Breastfeeding and conifdence has been badly knocked by health visitor (sorry a bit long)(33 Posts)
I had some problems getting breast feeding established until dd was 5 weeks old. My nipples are flat, I had mastitis, badly cracked nipples etc It is still painful to feed from one side as nipple is flatter than the other one, and I manage this with ibuprofen. I was also having to use formula on occasion when I was unable to express enough milk for a feed.
I resolved my problems by seeing a breast feeding counsellor however due to the amount of time it took me to get hold of one (dd was 4 weeks old), my supply had been affected. I resolved this by using domperidone and my supply became not dissimilar to when my milk first came in (breasts very full and leaking if I did not feed) after a few days.
My GP would not prescribe the domperidone as I was requesting it for an off licence use, so I was was buying it over the counter. To get the recommended dose for increasing lactation, I was having to use over a box worth a day. The problem I had with this was that many chemists would refuse to sell me more than a box at a time (I didn't tell them what I was using them for in case they wouldn't sell them to me at all), so this necessitated picking up a box each time I passed any chemist.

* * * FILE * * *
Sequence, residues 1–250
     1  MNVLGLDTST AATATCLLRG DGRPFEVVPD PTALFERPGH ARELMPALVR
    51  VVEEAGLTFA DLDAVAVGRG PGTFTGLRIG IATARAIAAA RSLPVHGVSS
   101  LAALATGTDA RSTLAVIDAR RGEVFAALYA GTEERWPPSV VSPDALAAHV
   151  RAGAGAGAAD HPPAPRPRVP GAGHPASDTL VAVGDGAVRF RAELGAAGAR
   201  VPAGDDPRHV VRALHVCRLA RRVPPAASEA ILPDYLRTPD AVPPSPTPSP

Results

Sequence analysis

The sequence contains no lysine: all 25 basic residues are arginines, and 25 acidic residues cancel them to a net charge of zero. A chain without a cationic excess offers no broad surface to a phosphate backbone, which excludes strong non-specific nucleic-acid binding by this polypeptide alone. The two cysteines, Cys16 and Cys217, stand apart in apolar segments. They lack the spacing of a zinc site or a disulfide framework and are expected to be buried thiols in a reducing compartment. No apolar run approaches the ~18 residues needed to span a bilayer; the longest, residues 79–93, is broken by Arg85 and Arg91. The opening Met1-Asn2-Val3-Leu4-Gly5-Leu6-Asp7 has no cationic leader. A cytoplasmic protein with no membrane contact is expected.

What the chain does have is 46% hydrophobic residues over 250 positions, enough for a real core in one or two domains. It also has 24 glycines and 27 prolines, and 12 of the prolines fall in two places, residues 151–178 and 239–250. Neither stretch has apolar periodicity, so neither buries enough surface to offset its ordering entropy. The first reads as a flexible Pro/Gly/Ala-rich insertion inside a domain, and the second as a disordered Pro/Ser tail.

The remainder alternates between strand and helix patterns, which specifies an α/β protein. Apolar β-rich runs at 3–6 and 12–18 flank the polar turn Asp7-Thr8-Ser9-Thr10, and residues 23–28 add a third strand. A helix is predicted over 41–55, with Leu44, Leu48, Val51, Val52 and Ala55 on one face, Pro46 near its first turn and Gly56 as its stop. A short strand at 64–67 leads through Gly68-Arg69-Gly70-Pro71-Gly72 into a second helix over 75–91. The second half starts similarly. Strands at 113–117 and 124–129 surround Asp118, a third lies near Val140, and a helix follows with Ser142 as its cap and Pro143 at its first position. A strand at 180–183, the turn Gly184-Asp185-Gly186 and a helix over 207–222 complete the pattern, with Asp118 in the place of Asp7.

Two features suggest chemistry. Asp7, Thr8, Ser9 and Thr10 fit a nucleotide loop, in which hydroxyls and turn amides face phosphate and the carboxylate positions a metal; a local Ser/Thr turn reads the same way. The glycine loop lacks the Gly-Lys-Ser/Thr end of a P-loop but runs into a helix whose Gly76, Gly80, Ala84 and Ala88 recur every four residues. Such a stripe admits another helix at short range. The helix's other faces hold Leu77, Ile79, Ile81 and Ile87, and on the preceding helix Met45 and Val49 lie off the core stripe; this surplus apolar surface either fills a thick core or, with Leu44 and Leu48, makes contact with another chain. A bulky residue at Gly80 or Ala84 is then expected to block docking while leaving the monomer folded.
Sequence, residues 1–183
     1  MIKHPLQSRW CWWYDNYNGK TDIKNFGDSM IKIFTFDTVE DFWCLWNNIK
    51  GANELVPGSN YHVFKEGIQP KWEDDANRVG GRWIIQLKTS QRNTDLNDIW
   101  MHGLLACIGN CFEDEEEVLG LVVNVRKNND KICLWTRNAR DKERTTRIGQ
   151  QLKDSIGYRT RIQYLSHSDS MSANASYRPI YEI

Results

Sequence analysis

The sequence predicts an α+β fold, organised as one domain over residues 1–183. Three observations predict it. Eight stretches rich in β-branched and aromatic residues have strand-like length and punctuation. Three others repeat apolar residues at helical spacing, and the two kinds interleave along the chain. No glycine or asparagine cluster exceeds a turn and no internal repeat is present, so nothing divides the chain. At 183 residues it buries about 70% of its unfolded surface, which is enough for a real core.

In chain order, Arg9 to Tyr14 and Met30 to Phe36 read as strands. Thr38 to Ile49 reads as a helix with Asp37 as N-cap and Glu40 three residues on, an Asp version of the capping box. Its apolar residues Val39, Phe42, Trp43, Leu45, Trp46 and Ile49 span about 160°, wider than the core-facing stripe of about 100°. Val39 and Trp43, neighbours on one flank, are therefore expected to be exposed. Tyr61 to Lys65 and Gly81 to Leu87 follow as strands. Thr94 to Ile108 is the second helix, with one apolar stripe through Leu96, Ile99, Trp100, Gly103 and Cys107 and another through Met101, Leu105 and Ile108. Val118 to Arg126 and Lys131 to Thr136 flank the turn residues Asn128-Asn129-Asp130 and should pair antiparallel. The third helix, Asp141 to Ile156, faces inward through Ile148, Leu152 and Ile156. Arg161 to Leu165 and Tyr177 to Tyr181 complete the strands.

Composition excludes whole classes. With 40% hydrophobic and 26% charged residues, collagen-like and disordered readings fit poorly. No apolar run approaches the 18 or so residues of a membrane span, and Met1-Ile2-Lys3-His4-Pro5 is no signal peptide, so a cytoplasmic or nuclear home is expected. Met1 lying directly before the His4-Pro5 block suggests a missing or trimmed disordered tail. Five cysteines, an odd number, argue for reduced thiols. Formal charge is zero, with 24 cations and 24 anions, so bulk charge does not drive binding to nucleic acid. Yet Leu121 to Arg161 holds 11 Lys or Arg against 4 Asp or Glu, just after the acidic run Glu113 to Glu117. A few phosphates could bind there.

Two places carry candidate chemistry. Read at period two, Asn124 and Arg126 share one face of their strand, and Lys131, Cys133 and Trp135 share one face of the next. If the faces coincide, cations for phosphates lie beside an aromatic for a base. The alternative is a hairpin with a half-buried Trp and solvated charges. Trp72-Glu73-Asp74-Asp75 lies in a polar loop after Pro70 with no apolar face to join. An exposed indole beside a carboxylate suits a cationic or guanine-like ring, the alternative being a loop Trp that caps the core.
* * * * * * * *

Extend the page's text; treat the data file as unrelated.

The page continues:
I cut down my use as I was in fear of getting mastitis again, and we seemed to be doing well with the breast feeding and not using any formula at all. We saw the health visitor on Wednesday and felt quite proud to say that breasfeeding was finally sorted. HV told me that dd was not putting on enough weight (had put on 3oz in two weeks) and maybe I should consider going back to the combintion feeding I had been doing.